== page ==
The Long Lost Art of Jack Kirby

Dave Itzkoff at the New York Times has a scoop: several hundred never-before-seen illustrations by the late, great Jack Kirby have been unearthed. They date from his time working for Ruby-Spears Productions in the '80s.

Wait, brief digression- you knew that the King did animation work, right? Remember Thundarr the Barbarian? With Ookla the Mok and that awesome cracked moon? Kirby did design work for it. Other comics greats like Steve Gerber, Alex Toth, Roy Thomas, Mark Evanier, and Gerry Conway also worked on the show. Check out this edition of Comic Book Urban Legends Revealed at Comics Should Be Good! to get the low down.

So, Jack Kirby, animation, 1980s. Kirby was notoriously prolific in comics, and it looks like the same held true in animation. From the NYT piece:

“Many times, he didn’t have enough to do, or there weren’t enough assignments,” Mr. Spears said. “He was such a prolific guy that he would, on his own, just start sketching out some thoughts.”

Among the far-flung, unrealized projects that Mr. Kirby helped create or contributed to were “Roxie’s Raiders,” an Indiana Jones-style serial about a female adventurer and her allies; “Golden Shield,” about an ancient Mayan hero seeking to save earth in the apocalyptic year 2012; and “The Gargoids,” about scientists who gain superpowers after being infected by an alien virus.

The plan, according to the article, is to produce new shows, video games, comics, and whatever other products entertainment media supports out of Kirby's ideas. I'm a little skeptical, since what made Kirby's ideas work was Jack Kirby, rather than the sheer power of the ideas themselves. If they can get talent behind these ideas (Walt Simonson does great work in the Kirby style without being pastiche or homage, for example), I'm all for it. The article is light on details as far as plans go, and sticks to simply announcing that they found some dope Kirby art. I don't blame them, really. I could talk about Kirby for hours (or hundreds of words).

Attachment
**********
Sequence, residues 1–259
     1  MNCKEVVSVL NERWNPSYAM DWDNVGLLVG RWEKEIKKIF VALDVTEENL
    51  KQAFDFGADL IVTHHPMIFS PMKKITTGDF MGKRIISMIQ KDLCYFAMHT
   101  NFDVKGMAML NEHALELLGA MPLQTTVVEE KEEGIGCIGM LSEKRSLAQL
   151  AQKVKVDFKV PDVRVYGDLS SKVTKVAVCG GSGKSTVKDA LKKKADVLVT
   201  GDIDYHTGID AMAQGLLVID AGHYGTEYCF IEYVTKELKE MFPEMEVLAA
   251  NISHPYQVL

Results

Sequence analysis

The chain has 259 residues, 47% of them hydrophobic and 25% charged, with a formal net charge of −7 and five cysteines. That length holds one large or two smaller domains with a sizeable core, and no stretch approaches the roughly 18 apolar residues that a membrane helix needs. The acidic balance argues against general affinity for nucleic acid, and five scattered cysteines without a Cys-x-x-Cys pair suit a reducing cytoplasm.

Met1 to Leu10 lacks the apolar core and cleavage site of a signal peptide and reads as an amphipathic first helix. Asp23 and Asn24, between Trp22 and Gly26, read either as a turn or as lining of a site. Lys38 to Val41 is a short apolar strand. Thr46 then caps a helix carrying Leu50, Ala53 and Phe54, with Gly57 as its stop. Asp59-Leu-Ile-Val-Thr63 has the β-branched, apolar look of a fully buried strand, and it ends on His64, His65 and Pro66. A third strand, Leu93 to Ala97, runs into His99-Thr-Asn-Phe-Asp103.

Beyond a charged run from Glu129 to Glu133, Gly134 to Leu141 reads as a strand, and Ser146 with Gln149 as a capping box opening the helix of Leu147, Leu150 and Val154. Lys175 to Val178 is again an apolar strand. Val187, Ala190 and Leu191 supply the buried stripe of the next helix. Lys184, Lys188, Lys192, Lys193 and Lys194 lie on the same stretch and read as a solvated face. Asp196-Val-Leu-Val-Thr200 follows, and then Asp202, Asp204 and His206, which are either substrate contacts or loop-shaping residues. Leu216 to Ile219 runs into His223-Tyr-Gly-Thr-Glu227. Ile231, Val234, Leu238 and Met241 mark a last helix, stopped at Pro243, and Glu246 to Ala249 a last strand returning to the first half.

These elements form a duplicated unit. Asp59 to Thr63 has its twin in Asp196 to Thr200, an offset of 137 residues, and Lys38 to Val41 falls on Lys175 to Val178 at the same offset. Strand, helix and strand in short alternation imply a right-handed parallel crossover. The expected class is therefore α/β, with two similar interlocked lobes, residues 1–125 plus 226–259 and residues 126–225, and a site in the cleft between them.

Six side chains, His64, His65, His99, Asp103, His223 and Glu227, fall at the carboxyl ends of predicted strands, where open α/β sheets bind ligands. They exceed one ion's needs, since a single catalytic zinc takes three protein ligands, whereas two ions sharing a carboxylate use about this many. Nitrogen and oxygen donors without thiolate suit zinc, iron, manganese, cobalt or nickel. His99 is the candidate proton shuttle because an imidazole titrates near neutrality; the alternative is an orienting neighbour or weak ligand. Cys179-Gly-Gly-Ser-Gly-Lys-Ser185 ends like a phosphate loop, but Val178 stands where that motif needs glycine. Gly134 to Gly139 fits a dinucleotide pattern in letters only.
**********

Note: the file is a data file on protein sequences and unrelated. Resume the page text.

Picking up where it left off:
There's a slideshow of eleven pieces of art on the NYT site, too. That's very cool, save for one thing: most of them aren't by Jack Kirby. Some have very Kirby stylings, and a few have actual Kirby art, but to my somewhat untrained eye… it's not the King. Anybody concur? Any art experts out there want to weigh in?


  1. Wow! Thanks for the article, David.

  2. Wow Kirby did desgn work or Thundarrthe Barbarian. That just made my day, awesome.

  3. So THIS is why @iFanboy didn’t respond to my twitter… you sly bastards! 😀

  4. Paul Montgomery (@fuzzytypewriter) says:

    Several hundred new images? Damn. 

  5. Some new images? Understandable

    Dozen? Okay

    HUNDREDS!? Jesus…..Did this guy ever sleep in his life? Can’t wait to see all of the images and see what could have been. 

  6. I love how the guy was drawing three quarters of the marvel U and even THAT wasn’t enough to keep him busy. I swear the guy’s imagination and creativity is some of the best in the history of mankind, and that’s a bold statement

  7. I saw these the other day at… some other site (sorry). While I’m not a lover of Kirby’s later work, I can certainly appreciate the craft and skill involved. These pieces, however… look incredible. When (or if) this stuff ever gets done, someone please keep that Kirby look.

  8. Kirby was of another realm. It’s the only thing that explains his work output and style. Nothing else quite like it.

  9. Unknown Jack Kirby art is the new unpublished J.R.R. Tolkien manuscript(is the new undiscovered fragment of the True Cross).


    This is pretty awesome though.  Is this related to the recent Sid & Marty Krofft Kirby plans? 

  10. Thanks for the article. Great stuff. Love the King!

  11. I remember enjoying those Kirby-derived Topps Comics from the early 1990s, with ideas from the posthumous Kirby sketchbook. I wonder what happened to those?

  12. To me it looks like only two of the eleven are Kirby’s.   Maybe they were finished by other artists?

  13. I believe that the last two pieces of art are by Gil Kane, you can see it in the way he drew hands.

    As for the rest, remember Jack Kirby could actually draw quite well in a variety of different styles. The style that we know best was developed for speed.